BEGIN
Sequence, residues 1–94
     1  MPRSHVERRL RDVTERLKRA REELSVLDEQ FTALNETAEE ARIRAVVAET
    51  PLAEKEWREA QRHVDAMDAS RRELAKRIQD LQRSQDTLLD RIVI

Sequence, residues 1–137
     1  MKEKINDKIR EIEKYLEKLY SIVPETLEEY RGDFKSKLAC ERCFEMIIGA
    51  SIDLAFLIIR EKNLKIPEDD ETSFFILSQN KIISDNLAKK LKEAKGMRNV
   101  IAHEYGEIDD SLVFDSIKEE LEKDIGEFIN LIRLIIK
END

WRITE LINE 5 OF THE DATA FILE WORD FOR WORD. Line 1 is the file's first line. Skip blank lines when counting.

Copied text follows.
     1  MKEKINDKIR EIEKYLEKLY SIVPETLEEY RGDFKSKLAC ERCFEMIIGA